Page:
We also created this year the concept of Nook Hubs. Many of you may have seen updates from our pilot Nook Hub in Rwanda, that we created together with Dream Village. Nook Hubs are our way to decentralise DEFY itself. Each Nook Hub would become capable of running its own show in the geographical region, customised by the needs, interests and challenges locally. The Nooks in Rwanda will be created by people from Rwanda, and with the same hope we are creating new Nook Hubs in some more new geographies. You will hear about them soon.

Of course, it wasn’t all peaches in 2019. We designed a fantastic fellowship program – DARE (Design a Revolutionary Education). However, we underestimated the work it would take to gather resources for it. For those who are unaware of DARE, it is a fellowship for those who are frustrated with their own experiences with education and wish to challenge it by creating new ideas and alternatives. With a growing and learning team, improving processes and existing projects, we simply did not have the bandwidth to make DARE a reality in 2019. We hope however, it will happen in 2020. As aspirational as we are, we also hope to start another new program from DEFY in 2020 – r.a.g.e or Research on Alternative Global Education is an attempt at creating a community based research method and space, where some of the most complicated questions around education will be worked upon.

So much more is happening at DEFY that it is almost impossible to cover in one newsletter. We hope to begin Open Houses for community discussions at our Office in Bangalore. We do this already internally, but we hope to open it up for everyone and convert our Office into a Learning Environment.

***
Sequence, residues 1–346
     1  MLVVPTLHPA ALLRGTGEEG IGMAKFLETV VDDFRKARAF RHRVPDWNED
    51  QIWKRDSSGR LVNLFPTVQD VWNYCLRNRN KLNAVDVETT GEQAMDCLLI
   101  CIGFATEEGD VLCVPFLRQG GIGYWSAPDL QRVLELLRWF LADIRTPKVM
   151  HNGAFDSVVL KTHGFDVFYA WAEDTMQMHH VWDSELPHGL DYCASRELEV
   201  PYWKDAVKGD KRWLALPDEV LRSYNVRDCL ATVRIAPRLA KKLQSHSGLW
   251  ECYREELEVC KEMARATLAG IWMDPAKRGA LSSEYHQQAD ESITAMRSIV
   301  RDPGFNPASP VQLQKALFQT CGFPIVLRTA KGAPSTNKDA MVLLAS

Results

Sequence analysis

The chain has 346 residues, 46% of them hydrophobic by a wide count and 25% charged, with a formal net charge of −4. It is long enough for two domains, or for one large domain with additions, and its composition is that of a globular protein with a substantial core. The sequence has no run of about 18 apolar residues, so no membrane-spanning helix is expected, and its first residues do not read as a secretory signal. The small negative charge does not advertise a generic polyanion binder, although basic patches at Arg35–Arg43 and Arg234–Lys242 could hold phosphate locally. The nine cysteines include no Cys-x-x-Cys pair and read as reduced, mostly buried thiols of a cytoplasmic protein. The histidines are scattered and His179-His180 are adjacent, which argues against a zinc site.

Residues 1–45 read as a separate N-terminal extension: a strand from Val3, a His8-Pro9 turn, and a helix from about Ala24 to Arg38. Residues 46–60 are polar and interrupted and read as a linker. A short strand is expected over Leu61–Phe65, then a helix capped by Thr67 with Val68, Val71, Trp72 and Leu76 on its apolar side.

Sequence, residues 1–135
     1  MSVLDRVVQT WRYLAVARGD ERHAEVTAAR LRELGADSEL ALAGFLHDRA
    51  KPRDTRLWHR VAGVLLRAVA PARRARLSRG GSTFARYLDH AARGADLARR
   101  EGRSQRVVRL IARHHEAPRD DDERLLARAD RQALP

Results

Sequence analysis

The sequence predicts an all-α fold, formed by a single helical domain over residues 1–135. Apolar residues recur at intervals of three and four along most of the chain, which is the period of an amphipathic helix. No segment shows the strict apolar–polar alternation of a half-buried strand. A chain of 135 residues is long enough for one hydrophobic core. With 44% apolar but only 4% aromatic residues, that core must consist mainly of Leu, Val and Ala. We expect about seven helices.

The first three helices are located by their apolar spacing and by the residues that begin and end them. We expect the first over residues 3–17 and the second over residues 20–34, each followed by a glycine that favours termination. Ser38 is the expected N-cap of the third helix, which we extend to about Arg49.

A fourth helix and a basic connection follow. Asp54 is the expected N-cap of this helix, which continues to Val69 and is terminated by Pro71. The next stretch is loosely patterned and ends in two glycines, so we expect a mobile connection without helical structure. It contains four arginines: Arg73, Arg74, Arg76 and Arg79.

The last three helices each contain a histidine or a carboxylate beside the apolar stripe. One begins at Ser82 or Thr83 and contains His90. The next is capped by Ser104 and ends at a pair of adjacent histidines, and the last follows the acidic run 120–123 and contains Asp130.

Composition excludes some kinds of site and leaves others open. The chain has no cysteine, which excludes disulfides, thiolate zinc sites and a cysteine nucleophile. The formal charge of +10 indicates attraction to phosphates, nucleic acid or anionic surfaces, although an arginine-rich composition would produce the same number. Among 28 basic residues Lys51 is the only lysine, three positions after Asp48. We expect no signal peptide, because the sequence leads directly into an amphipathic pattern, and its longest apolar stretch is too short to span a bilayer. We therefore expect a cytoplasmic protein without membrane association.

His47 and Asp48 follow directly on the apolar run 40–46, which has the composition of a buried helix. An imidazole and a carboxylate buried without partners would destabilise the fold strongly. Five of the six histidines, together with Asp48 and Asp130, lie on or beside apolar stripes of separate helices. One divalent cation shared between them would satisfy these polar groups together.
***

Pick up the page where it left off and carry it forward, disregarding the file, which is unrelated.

Before I end my piece, I have the most important job to do, and that is to thank all of you. DEFY’s journey has not been easy. It has been full of disappointments, failures and mistakes, as one can expect from a founder who had no experience or plans to create an organisation. But we could survive and thrive because of our many advisors, well-wishers and critics. Your suggestions, support and questions have made the difference. We hope we can continue to count on your support and love in the coming years, as make new strides and new mistakes.

We wish you a happy season of rest, rejoice and love.



Unmasking the Myth of Schooling: Part Three

Unmasking the Myth of Schooling: Part Three

What are the consequences of a model of education which, as we have discovered in the first two parts of the blog, ignores most other ways of knowing-thinking-feeling-being? The penultimate part of ‘Unmasking the Myth of Schooling’ looks into how minorities are being further marginalised and students are being actively de-skilled.

A central element of modern education is that is relegates all experiences, knowledges and ways of life outside the world of mass-consumerism and capitalism to a place of non-existence. This is particularly visible when we look at the depiction of Adivasis and their lifeworlds: “the representation of Adivasi in stereotypical negative terms as ‘backward’ people, outside the pale of progress, has meant that elementary education has only reinforced stereotypes and further marked the Adivasi in discriminatory terms (Veerbhadranaika et al. 2012, quoted in Ramachandran, 2018, p102). As Ramachandran further notes, “another site of alienation is the content of our textbooks, which give primary importance to urban-centred subjects and do not weave in the histories and cultures of the tribal people of India” (ibid.).